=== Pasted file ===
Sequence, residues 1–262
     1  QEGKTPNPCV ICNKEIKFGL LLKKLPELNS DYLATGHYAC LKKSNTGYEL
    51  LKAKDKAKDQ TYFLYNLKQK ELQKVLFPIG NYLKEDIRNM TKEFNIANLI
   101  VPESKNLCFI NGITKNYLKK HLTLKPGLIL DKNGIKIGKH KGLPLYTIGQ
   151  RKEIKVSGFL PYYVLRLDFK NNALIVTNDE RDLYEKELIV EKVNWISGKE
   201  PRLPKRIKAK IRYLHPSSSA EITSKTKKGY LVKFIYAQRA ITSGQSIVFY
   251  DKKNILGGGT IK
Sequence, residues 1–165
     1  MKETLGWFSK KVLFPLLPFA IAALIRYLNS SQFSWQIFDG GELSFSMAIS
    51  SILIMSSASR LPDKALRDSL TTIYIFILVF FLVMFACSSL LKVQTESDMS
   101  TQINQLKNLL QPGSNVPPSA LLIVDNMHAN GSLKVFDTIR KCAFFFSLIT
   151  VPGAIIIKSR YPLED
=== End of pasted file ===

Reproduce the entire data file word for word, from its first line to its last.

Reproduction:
Sequence, residues 1–262
     1  QEGKTPNPCV ICNKEIKFGL LLKKLPELNS DYLATGHYAC LKKSNTGYEL
    51  LKAKDKAKDQ TYFLYNLKQK ELQKVLFPIG NYLKEDIRNM TKEFNIANLI
   101  VPESKNLCFI NGITKNYLKK HLTLKPGLIL DKNGIKIGKH KGLPLYTIGQ
   151  RKEIKVSGFL PYYVLRLDFK NNALIVTNDE RDLYEKELIV EKVNWISGKE
   201  PRLPKRIKAK IRYLHPSSSA EITSKTKKGY LVKFIYAQRA ITSGQSIVFY
   251  DKKNILGGGT IK
Sequence, residues 1–165
     1  MKETLGWFSK KVLFPLLPFA IAALIRYLNS SQFSWQIFDG GELSFSMAIS
    51  SILIMSSASR LPDKALRDSL TTIYIFILVF FLVMFACSSL LKVQTESDMS
   101  TQINQLKNLL QPGSNVPPSA LLIVDNMHAN GSLKVFDTIR KCAFFFSLIT
   151  VPGAIIIKSR YPLED